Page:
# Linear algebra proofs (linear equations/inverses)

## Homework Statement

Two problems.
(1) Prove that if two homogeneous systems of linear equations in two unknowns have the same solutions, then they are equivalent.

(2) Can you prove that the matrix
A = [1 1/2 ... 1/n
1/2 1/3 ...1/(n+1)
...
1/n 1/(n+1)...1/(2n-1)]
is invertible and that A^(-1) has integer entries?

## Homework Equations

(1) Perhaps the theorem - Equivalent systems of linear equations have the same solutions? It is the other way round.

(2)hmm...I don't know of "relevant equations"

## The Attempt at a Solution

Not very sure how to start. For the first one, tried to construct arbitrary matrices A and B to represent two different homogeneous systems, but didn't get very far.
For (2), tried row-reducing the matrix > echelons but don't know how a proof will result...

I think #1 is false, actually, unless they mean row-equivalent.

HallsofIvy
Homework Helper

## Homework Statement

Two problems.
(1) Prove that if two homogeneous systems of linear equations in two unknowns have the same solutions, then they are equivalent.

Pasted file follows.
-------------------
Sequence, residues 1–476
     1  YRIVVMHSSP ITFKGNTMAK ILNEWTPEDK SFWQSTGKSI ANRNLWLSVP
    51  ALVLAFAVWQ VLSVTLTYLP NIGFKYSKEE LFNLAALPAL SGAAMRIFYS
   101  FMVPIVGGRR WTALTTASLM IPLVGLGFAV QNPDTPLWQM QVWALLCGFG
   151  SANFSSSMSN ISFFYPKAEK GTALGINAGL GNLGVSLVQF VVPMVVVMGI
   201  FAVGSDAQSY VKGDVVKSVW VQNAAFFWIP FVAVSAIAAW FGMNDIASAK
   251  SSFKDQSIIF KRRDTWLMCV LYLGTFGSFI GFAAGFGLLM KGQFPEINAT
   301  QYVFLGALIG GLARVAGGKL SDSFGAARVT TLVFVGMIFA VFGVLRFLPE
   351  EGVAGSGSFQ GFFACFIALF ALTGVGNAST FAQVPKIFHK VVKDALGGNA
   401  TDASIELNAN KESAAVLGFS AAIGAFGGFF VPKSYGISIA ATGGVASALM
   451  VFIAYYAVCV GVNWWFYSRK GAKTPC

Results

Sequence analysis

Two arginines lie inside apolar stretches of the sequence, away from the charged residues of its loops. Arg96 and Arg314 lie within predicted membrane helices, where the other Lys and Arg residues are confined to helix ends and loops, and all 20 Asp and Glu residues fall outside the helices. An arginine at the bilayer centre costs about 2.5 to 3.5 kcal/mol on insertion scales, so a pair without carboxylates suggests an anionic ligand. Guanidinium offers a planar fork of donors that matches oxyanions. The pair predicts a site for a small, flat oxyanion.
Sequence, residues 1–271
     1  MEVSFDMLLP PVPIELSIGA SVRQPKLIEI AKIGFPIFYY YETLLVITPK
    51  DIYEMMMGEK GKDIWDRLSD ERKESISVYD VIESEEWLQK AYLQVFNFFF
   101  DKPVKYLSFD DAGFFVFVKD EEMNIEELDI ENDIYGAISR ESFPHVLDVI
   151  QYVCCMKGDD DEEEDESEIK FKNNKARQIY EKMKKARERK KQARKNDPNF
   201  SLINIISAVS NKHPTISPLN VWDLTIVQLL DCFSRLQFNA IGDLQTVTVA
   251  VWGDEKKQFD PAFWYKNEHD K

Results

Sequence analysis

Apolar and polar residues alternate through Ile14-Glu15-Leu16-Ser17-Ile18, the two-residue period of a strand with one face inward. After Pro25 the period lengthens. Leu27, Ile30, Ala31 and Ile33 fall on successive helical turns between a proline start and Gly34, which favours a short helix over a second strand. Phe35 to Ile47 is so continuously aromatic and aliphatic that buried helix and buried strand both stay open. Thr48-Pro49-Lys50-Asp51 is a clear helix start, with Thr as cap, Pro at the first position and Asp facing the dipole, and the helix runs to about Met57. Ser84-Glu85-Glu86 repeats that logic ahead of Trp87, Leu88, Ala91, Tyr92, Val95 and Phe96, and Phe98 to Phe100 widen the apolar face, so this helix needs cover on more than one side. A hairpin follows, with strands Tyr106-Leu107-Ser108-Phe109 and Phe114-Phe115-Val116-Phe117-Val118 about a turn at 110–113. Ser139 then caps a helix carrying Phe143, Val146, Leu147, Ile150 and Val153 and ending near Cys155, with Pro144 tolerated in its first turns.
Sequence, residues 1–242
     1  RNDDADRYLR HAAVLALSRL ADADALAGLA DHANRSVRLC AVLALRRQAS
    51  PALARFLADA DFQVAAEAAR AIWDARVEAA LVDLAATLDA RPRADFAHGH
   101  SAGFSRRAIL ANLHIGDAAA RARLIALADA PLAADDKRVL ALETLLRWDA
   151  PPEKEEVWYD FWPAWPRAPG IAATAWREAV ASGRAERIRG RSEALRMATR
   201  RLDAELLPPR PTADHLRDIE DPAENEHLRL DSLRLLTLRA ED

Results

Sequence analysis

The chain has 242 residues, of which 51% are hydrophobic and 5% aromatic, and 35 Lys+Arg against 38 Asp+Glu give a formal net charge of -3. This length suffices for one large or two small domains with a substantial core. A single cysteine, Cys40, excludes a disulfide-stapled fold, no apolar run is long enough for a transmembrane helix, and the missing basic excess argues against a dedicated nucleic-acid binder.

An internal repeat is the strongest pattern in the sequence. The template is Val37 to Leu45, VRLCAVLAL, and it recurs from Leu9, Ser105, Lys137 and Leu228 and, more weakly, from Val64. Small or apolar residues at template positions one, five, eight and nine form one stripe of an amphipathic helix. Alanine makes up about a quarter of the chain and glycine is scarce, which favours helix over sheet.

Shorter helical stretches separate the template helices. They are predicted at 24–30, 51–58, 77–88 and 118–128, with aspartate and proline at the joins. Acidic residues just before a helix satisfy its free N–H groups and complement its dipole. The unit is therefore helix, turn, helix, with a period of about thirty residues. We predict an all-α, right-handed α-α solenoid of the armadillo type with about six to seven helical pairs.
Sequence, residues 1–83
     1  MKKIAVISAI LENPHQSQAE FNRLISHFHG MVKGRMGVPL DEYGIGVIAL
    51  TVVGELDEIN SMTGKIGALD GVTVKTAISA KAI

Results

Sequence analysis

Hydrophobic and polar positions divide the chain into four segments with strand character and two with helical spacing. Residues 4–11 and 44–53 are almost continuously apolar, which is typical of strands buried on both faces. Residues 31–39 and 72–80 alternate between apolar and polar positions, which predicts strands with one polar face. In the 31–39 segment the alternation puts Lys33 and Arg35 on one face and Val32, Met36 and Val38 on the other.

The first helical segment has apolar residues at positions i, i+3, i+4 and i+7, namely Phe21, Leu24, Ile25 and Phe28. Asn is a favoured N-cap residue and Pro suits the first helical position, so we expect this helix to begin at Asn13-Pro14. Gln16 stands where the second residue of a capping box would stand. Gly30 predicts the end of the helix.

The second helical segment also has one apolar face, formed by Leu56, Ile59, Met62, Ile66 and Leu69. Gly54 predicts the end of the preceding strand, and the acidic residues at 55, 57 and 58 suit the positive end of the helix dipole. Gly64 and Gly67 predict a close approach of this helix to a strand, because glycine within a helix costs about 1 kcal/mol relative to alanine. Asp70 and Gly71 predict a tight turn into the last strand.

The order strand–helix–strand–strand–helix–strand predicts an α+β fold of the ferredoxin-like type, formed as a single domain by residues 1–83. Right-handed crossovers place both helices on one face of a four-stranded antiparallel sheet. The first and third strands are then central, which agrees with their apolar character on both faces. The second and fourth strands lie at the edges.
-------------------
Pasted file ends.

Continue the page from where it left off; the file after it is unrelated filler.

(2) Can you prove that the matrix
A = [1 1/2 ... 1/n
1/2 1/3 ...1/(n+1)
...
1/n 1/(n+1)...1/(2n-1)]
is invertible and that A^(-1) has integer entries?

## Homework Equations

(1) Perhaps the theorem - Equivalent systems of linear equations have the same solutions? It is the other way round.
What is the definition of "equivalent systems"?

(2)hmm...I don't know of "relevant equations"
A matrix is invertible if and only if its determinant is not 0.

## The Attempt at a Solution

Not very sure how to start. For the first one, tried to construct arbitrary matrices A and B to represent two different homogeneous systems, but didn't get very far.
For (2), tried row-reducing the matrix > echelons but don't know how a proof will result...

What is the definition of "equivalent systems"?

A matrix is invertible if and only if its determinant is not 0.

The question mentions nothing about square matrices specifically.

HallsofIvy
Homework Helper
The question mentions nothing about square matrices specifically.
??? It says:
A = [1 1/2 ... 1/n
1/2 1/3 ...1/(n+1)
...
1/n 1/(n+1)...1/(2n-1)]

Since it has n rows and n columns, that's pretty square!

??? It says:
A = [1 1/2 ... 1/n
1/2 1/3 ...1/(n+1)
...
1/n 1/(n+1)...1/(2n-1)]

Since it has n rows and n columns, that's pretty square!

I was talking about the first part only.

The question (1) wants you to prove equivalence in that all the equations in each system are linear combinations of the equations in the other system (I guess that B_11*x_1 + B_12*x_2 +...B_1n*x_n = (c_1*A_11+...+c_m*A_m1)x_1 +(c_1*A_12+...+c_m*A_m2)x_1 +...(c_n*A_1n+...+c_m*A_mn)x_1 = 0).